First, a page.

While George W. Bush was at his easel, searching for his inner Rembrandt as he and his wife settled into their post-presidency years, Laura Bush was nurturing her own artistic dream — perfecting a home worthy of a cover story in Architectural Digest.
The Bush family’s 1,600-acre Prairie Chapel Ranch on the outskirts of Crawford, Texas, graces the front of Architectural Digest’s August issue. When the images recently popped up online, the couple's daughter Barbara posted the cover photo on Instagram: "Now @laurawbush can go to heaven a happy lady!" she said. "The designer in her got into the designer Bible @architecturaldigest," added Barbara's twin, Jenna Bush Hager, in her own Instagram post of the magazine cover.
While Bush was president, the couple’s Texas ranch was best known as a rustic weekend retreat — his "slice of heaven" — where they hosted a wide array of foreign leaders, as well as top advisors who traveled to Texas to shape policy over Bush’s monthlong vacations.
The Bushes bought the ranch in 1999, and during his first presidential campaign, the images of Bush tooling around the dirt roads in a white pickup truck and cutting brush helped burnish his image as the down-to-earth outsider who would never be comfortable in Washington. He made it no secret that he was far happier clearing cedar and mesquite, or leading mountain bike rides through the challenging Central Texas terrain, than hobnobbing with the Georgetown set.
(An aide said Monday that Bush was looking forward to bike rides in a few weeks after undergoing a second partial knee replacement, this one on his left knee, on Saturday at Rush University Medical Center in Chicago. He had undergone a partial right knee replacement over the Memorial Day weekend.)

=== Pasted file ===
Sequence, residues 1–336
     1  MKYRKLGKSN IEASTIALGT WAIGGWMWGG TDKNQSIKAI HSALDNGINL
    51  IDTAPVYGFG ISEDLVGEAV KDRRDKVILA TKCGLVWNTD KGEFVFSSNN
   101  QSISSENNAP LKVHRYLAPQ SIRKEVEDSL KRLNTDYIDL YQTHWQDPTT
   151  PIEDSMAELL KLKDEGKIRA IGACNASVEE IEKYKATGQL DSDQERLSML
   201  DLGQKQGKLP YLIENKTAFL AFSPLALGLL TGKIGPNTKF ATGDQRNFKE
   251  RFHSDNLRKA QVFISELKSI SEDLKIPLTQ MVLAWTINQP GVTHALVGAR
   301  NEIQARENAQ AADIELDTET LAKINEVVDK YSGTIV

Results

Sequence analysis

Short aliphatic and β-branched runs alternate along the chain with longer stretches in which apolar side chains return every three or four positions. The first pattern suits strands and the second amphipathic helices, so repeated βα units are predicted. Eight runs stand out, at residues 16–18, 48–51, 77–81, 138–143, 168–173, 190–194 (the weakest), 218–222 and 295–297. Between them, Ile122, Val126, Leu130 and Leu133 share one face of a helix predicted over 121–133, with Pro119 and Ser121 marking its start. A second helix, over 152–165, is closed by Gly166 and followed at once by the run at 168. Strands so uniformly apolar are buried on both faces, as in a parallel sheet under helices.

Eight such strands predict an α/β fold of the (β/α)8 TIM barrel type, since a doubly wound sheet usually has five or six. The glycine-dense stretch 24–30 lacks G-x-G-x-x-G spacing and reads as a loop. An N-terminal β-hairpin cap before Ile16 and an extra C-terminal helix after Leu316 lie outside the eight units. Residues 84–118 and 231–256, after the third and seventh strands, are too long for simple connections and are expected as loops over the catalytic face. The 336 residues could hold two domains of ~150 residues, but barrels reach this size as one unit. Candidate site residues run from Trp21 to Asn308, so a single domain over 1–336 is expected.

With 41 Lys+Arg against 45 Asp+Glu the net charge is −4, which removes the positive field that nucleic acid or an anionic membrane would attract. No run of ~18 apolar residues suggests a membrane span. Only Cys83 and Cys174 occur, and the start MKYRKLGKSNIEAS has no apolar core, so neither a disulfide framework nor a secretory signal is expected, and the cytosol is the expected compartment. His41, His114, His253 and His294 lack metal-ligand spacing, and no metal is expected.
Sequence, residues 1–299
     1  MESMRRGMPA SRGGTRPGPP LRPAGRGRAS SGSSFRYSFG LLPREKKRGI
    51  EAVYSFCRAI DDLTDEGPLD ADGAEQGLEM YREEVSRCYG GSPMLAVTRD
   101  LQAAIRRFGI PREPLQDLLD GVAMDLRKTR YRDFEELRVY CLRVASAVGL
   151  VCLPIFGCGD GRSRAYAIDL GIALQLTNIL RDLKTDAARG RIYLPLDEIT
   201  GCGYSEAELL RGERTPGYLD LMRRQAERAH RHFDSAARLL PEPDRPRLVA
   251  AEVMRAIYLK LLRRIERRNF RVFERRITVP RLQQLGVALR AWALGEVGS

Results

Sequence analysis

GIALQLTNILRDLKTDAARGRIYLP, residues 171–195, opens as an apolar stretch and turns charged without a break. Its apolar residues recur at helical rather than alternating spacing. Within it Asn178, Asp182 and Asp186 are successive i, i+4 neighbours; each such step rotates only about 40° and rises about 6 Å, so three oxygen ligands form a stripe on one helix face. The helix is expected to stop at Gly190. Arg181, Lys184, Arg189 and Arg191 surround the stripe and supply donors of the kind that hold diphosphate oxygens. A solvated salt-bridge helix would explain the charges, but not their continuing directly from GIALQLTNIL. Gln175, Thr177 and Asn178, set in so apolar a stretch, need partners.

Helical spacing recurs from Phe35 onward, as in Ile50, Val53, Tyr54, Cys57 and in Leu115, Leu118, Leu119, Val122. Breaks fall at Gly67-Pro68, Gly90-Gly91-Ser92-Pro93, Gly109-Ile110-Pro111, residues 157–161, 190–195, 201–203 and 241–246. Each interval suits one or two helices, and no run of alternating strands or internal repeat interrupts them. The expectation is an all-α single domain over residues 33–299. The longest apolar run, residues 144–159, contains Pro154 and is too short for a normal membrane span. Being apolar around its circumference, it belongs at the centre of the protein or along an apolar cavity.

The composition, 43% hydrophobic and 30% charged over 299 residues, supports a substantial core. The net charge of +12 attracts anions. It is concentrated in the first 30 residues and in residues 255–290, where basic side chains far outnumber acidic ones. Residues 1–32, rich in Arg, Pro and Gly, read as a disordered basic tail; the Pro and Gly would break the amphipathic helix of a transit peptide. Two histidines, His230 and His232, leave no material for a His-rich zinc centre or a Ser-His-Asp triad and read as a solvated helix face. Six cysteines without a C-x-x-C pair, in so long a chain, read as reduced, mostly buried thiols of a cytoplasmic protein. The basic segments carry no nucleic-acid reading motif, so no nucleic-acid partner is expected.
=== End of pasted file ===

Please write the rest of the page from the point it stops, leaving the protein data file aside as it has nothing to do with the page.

As the daughter of a Midland, Texas, builder who built spec houses, Laura Bush had an eye for design and clear vision for what the couple wanted when they chose architect David Heymann, a professor at the University of Texas at Austin’s School of Architecture.
The elegant single-level ranch house with its tall windows and many glass-paneled doors lent the home a breezy indoor-outdoor feel. Laura Bush wanted the three-bedroom limestone home, with its adjacent two-suite guesthouse, to “fit into the landscape,” she told Architectural Digest.
Set among a grove of live oaks and cedar elms, the house is surrounded by meadows of bluebonnets and Indian paintbrush and a 10-acre lake stocked with bass. (The lake was the site of Jenna Bush’s 2008 wedding to Henry Hager.) Built with a sustainable design, the house includes a geothermal energy system, and rainwater is captured from the roof to fill a cistern of recycled water that is used to water the lawns.
Heymann told the magazine that the former first lady has “a very, very good eye,” after watching her father build “carefully organized houses.” She noticed, for example, that although the couple was going for a handcrafted look with the Texas Lueders limestone the architect chose, the masons had been laying it perfectly instead of in a “slightly irregular way” to give it the old-fashioned look. The architect joked that they had to take away the masons’ levels.
The house is scattered with reminders of Bush’s presidency as well as his political pedigree, from the Afghan carpet in the study to an antique partners desk that belonged to his grandfather Prescott Bush, a U.S. senator from Connecticut. And it also houses many of the portraits of pets that the former president has created in the last few years after being inspired to take up painting by Winston Churchill’s essay “Painting as Pastime.”
Although the former president takes weekly lessons from an art instructor at the couple’s main home in Dallas, he likes to paint at an easel in the glass-paneled breezeway of the Prairie Chapel Ranch that looks out onto the surrounding countryside.
"We wanted to see and enjoy the beauty as much as possible,” the former president told Architectural Digest, clearly still eager to escape the city for inspiration in the prairie as often as he can.